Jack Barnes has a chart in his book that measured the increase in worker productivity. The chart compared this to the buying power of the minimum wage, minus inflation, from 1970 to today. This chart showed that if workers received wage increases that were commensurate with our increase in productivity, the minimum wage would be $18.42 per hour. The reality is that while productivity has greatly increased, when we account for inflation, the minimum wage has effectively decreased during these same years.
However, President Obama argues that: “Anybody who says that we are not absolutely better off today than when we were just seven years ago, they’re just not leveling with you.” What universe is Obama talking about when he makes this statement?
President Obama argues that unemployment has gone down during his presidency. Barnes gives the facts showing how this statement is a bold-faced lie. Obama defines unemployment by the number of people who are collecting unemployment compensation. Barnes shows how the percentage of unemployed workers who are not receiving benefits has increased from 15% in 2009 to 28% today. This explains why the “labor force participation rate” has dropped from 67% in 2000 to 63% today. This statistic measures the percentage of workers who are working.
One statistic Barnes didn’t mention is the number of jobs that have been eliminated since the 1970’s. This number is difficult to find, but it may be in the range of hundreds of millions of eliminated jobs. Up until 2008 corporations have replaced these jobs with other jobs. However, most replacement jobs have effectively lower wages and fewer benefits. When we look at this picture it is clear that the standard of living for all workers has been deteriorating for decades.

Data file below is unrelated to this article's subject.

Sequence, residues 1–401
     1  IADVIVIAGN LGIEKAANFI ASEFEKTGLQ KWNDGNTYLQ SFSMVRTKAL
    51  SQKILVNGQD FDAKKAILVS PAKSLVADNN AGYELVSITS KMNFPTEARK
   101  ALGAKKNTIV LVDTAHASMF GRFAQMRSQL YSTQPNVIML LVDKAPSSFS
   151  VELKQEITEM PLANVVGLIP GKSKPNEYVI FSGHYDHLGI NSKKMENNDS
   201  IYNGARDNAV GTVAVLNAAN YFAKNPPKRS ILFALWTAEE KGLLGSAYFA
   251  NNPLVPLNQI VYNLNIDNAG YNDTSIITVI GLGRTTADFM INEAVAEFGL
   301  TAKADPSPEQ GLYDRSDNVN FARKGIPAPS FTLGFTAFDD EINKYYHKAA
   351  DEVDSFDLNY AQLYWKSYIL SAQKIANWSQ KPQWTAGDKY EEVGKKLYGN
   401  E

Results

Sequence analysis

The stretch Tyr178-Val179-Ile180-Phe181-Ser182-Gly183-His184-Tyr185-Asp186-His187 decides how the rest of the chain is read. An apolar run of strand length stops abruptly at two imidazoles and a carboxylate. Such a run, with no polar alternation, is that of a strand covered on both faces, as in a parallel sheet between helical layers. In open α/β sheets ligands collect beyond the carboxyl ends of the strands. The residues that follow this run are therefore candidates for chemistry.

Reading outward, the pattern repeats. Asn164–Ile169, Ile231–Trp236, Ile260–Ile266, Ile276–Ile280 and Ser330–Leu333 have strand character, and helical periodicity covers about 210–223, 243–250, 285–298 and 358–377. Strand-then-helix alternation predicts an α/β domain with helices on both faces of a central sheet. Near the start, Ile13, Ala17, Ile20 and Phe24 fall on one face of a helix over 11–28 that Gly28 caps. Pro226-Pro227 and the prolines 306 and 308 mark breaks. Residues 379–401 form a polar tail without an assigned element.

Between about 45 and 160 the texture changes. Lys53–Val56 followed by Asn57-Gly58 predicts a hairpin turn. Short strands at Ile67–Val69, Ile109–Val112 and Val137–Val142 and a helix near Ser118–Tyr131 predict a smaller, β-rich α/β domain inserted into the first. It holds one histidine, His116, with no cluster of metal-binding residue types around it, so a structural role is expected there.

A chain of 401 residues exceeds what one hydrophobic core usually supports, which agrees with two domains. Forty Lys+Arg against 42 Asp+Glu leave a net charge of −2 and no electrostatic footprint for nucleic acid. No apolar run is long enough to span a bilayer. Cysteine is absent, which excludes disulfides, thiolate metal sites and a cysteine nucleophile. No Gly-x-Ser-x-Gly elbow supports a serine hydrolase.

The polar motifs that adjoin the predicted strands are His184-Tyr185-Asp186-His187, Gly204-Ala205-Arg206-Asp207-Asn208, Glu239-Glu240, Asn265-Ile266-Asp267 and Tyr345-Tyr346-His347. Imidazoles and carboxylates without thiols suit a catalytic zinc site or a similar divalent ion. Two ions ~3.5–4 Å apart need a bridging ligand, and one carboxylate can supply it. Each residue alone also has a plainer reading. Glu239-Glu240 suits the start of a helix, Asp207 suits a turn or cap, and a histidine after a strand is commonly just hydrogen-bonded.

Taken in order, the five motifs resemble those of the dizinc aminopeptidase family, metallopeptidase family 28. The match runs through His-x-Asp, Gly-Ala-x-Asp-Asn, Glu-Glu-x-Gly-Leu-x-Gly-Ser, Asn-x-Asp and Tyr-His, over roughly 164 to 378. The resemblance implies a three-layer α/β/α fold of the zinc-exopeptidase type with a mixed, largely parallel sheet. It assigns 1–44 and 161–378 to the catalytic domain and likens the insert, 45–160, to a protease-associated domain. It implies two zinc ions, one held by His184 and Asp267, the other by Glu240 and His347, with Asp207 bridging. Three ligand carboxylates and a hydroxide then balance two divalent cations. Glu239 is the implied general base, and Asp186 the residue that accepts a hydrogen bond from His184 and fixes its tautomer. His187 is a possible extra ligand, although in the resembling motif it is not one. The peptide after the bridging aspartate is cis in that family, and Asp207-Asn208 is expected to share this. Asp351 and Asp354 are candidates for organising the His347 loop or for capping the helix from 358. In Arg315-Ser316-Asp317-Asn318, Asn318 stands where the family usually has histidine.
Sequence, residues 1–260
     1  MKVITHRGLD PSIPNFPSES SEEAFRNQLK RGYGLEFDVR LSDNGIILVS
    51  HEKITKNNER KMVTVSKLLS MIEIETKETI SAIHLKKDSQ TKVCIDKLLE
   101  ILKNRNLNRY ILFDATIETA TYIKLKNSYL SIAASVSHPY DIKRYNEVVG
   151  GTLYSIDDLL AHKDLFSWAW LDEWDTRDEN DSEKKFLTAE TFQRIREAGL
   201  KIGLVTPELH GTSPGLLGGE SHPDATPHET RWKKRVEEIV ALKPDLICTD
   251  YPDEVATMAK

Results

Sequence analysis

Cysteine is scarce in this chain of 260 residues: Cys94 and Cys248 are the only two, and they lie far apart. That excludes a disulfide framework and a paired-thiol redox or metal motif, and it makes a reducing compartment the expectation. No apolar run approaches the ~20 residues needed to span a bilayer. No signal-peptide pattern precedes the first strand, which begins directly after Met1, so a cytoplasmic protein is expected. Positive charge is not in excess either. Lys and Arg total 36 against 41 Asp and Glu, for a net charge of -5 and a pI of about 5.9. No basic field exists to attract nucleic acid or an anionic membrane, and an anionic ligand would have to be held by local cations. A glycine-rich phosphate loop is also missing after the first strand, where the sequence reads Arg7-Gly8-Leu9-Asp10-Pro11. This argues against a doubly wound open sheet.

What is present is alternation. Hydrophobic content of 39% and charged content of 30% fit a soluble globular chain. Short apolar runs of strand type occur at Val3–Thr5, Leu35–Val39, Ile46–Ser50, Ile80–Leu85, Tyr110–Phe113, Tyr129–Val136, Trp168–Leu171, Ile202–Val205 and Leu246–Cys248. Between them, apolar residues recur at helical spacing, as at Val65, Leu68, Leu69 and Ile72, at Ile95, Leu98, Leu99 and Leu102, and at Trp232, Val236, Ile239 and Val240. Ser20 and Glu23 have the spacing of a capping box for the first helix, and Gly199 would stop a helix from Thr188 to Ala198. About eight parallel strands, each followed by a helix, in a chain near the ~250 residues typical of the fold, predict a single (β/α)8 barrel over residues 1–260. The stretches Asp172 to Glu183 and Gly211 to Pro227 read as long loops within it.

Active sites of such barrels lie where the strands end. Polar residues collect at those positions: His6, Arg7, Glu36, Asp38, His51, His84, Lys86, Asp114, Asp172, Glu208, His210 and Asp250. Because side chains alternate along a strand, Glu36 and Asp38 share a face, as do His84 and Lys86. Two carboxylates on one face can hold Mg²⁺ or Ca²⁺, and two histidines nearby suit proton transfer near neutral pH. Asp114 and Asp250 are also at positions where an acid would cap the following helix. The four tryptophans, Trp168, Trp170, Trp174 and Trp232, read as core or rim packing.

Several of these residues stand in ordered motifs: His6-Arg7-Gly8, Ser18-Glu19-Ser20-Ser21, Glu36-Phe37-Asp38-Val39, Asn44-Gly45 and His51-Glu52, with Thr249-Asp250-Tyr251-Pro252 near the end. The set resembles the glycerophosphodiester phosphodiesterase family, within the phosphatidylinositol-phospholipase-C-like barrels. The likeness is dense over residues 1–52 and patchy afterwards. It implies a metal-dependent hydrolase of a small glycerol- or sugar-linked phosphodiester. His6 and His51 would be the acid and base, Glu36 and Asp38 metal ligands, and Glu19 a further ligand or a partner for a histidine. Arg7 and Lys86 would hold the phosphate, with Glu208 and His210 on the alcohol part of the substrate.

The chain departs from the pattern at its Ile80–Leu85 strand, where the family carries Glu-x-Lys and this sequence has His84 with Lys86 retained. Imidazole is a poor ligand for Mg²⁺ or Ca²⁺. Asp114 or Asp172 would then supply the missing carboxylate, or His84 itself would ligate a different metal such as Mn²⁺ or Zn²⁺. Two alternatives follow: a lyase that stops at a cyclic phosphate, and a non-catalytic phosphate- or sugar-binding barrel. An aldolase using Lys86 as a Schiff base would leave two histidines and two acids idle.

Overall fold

Another of the arguments of this so-called meritocracy has to do with their misguided idea that they are trying to improve education. We can see the fallacy of this argument in Dale Russakoff’s book The Prize – Who’s in charge of America’s schools?
Russakoff was a so-called journalist for the Washington Post for many years and has the basic perspective of the so-called meritocracy. However, in spite of this limitation, her book gives facts showing how education will not be improved in the capitalist system.
The Prize & the State of Black America
The Prize was a so-called award of $100 million to improve the Newark, New Jersey schools system. Facebook CEO Mark Zuckerberg was the one who gave the money. Russakoff gave the facts as to how this massive contribution did nothing to improve education in Newark.
However, this contribution did have an effect. The Newark teachers union fought for many gains for teachers over the years. Of the $100 million, $30 million went to the teachers to sign what is known as a sweetheart contract. The teachers received a lump sum payment reflecting the raises they had been denied over two years. Then, the teachers discovered to their dismay that this contract also required them to work an additional two hours every day at a wage of little more than ten dollars per hour. Russakoff quoted Zuckerberg in arguing that his contribution was also about weakening the teachers union.
The Urban League issues an annual report on, The State of Black America. Newark is a largely Black city and the title of the Urban League’s 2016 report demonstrates that things are not getting better for Black people in this country. The title of that report is: Locked Out of Education, Jobs, and Justice.